Geithner said he used TurboTax software to prepare his own taxes in two of the years in question—provoking a laugh from the audience, perhaps amused that one of the most powerful men in the U.S. economy used off-the-shelf tax software—but stressed that the errors were his, not the software's.
"It was very clear, and I had many opportunities to catch that initial mistake," Geithner said. "I want to apologize to the committee for putting you in the position of having to spend so much time on these issues when there are so many more pressing issues facing the country."
For the most part, committee members ignored the tax issue or scolded Geithner sternly but briefly before moving on to other topics. But some, including Senator Jim Bunning (R-Ky.), were more scathing in their approach. Bunning said he was skeptical of Geithner's nomination to begin with, but found his failure to pay taxes disturbing. "It reflects a degree of negligence toward the law he will be charged with enforcing," Bunning said.
He called Geithner's explanation unsatisfactory, particularly from "a high-ranking public official who the American people demand and deserve to hold to a higher standard."
Criticism of Fed's Timid Response
Geithner acknowledged several times that the federal response to the unfolding housing and financial crisis had proved too timid, saying that "supervision could have been more effective"—including bank supervision by the Federal Reserve. He cast himself as having pushed repeatedly for bolder action and suggested the Bush Administration had resisted it. "Although policy did move, it did not move aggressively enough across the entire board, and we're living with the consequences of a deeper recession in part because of that," Geithner said.
But the Fed official defended his own role on several fronts. He said efforts he led to bring order to the huge and now dismal market in credit default swaps and other complex derivatives had been "very, very effective," and demurred when Senator Maria Cantwell (D-Wash.) asked if he thought the effort hadn't gone far enough.
At the same time, he echoed many of the Bush Administration's explanations for why the investment bank Lehman Brothers failed spectacularly in September, plunging into bankruptcy and shaking the entire financial sector. Like Henry Paulson, President Bush's last Treasury Secretary, Geithner said the company failed because the financial markets weren't willing to provide the capital it needed without government assistance, and the government lacked the authorities to provide it.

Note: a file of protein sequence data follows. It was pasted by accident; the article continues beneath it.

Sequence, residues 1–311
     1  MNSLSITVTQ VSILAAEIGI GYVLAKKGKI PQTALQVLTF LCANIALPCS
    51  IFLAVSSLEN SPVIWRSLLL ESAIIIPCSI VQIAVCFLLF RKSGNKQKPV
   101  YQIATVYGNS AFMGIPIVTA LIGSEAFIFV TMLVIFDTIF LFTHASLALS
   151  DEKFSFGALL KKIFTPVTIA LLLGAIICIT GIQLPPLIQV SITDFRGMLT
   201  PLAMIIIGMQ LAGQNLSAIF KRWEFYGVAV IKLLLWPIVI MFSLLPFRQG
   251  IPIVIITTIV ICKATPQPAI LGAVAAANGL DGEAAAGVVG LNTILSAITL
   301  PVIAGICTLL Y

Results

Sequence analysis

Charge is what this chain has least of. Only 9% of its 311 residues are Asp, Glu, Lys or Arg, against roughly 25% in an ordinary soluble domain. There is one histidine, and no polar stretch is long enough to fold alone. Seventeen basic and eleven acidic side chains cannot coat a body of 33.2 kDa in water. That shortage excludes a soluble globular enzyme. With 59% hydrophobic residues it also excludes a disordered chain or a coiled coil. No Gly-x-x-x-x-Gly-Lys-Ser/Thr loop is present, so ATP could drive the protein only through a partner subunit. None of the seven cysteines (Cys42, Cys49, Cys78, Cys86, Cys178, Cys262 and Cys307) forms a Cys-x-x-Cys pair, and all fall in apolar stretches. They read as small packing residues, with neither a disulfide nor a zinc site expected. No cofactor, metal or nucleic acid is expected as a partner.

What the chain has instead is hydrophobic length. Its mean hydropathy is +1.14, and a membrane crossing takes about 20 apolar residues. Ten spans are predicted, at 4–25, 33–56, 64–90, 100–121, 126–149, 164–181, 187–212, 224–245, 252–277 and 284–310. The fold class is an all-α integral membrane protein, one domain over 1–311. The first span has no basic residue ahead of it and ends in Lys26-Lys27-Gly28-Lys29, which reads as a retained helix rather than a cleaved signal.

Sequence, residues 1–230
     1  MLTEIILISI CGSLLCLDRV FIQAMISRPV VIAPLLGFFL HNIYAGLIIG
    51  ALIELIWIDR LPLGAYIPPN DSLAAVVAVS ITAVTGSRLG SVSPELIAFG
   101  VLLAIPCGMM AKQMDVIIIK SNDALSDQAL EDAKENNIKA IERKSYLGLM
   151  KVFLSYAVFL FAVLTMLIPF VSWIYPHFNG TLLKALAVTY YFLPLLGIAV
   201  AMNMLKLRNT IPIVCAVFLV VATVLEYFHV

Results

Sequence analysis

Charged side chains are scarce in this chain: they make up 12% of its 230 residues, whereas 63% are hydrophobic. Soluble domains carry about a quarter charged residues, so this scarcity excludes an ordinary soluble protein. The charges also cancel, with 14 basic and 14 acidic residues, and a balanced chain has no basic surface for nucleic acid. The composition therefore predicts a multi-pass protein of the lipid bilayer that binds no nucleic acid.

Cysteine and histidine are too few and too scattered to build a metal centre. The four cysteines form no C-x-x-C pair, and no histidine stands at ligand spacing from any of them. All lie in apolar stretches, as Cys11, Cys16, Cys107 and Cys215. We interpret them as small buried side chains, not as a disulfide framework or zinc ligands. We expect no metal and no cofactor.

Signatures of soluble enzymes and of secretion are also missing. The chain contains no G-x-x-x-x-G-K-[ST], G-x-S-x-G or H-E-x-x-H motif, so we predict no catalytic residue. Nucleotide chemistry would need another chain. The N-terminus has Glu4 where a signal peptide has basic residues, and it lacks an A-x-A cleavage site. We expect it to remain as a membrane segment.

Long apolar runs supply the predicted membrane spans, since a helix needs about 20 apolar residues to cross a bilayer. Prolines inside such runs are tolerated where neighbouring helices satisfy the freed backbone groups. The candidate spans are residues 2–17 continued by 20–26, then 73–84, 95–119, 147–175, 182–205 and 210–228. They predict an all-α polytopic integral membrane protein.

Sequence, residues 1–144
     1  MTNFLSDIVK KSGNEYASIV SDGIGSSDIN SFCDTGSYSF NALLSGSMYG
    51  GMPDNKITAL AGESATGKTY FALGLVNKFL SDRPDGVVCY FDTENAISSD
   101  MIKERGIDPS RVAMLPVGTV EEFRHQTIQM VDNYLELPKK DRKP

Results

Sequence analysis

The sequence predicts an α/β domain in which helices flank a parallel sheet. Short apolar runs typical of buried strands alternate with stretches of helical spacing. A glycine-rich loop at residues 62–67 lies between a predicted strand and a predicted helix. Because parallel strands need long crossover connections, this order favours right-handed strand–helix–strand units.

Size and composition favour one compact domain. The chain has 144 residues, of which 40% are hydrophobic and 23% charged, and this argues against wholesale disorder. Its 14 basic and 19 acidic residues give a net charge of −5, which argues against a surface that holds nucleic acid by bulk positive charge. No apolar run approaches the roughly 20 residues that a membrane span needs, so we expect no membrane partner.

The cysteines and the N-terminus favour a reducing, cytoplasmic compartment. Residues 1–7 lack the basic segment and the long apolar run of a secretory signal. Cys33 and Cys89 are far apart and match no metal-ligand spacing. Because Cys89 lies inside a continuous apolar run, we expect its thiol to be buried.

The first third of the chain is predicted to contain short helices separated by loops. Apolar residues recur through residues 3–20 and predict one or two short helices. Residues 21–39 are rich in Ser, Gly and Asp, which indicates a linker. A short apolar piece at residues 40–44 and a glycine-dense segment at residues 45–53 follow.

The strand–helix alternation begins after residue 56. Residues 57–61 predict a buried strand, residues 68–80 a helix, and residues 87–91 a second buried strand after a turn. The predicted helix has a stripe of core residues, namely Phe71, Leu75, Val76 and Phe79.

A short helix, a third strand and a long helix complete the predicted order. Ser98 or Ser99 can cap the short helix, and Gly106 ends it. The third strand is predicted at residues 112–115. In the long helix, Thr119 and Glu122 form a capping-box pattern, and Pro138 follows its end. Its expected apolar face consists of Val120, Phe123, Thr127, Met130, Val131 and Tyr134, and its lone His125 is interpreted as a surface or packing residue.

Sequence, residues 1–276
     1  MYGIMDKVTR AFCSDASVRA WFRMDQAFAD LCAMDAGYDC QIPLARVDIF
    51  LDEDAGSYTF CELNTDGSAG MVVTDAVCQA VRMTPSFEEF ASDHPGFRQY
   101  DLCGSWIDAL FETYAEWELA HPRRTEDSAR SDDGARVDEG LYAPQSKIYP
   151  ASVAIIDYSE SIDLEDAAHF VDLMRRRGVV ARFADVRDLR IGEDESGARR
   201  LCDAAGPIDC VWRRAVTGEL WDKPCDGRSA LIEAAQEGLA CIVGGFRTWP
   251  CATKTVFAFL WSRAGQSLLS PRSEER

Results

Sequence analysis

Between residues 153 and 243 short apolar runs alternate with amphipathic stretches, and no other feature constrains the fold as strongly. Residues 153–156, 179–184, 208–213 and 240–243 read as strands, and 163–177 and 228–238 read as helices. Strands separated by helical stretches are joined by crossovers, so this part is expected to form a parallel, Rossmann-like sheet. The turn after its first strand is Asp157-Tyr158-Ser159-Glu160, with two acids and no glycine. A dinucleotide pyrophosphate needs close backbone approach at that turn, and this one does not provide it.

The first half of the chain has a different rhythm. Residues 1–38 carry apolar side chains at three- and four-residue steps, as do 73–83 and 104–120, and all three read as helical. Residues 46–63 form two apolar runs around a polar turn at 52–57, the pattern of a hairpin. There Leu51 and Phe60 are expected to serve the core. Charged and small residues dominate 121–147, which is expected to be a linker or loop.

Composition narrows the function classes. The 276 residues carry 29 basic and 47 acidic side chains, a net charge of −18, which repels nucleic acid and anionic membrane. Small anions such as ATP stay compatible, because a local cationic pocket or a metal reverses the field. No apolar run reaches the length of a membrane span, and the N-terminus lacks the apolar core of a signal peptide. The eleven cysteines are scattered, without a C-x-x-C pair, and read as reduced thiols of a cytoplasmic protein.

Geithner also said he expected that, if confirmed, he would be "part of the team" Obama consults "to figure out energy policy." Some Washington insiders have predicted Obama's economic team and his energy and environmental advisers could ultimately clash over the cost of fostering new energy sources.
Stimulating Consumer, State Spending
Geithner faced some questions over Obama's proposal for spending close to $1 trillion to stimulate the moribund economy. While past tax rebates have largely been saved, not spent, he argued that the Administration's proposal to suspend some withholding taxes would have a more direct impact on spending, in part because it would show up in each taxpayer's regular paycheck, rather than as a one-time lump sum. Still, he acknowledged, "none of us will know for sure what the impact on [spending] behavior will be."
He also downplayed Senator Jon Kyl's (R-Ariz.) suggestion of encouraging fiscal discipline among the states by providing aid as loans rather than grants. The state assistance is intended to prevent further layoffs and service cuts at a time when such moves would only worsen the recession, and loans likely wouldn't have the same effect, Geithner said.
Francis is a writer in BusinessWeek's Washington bureau.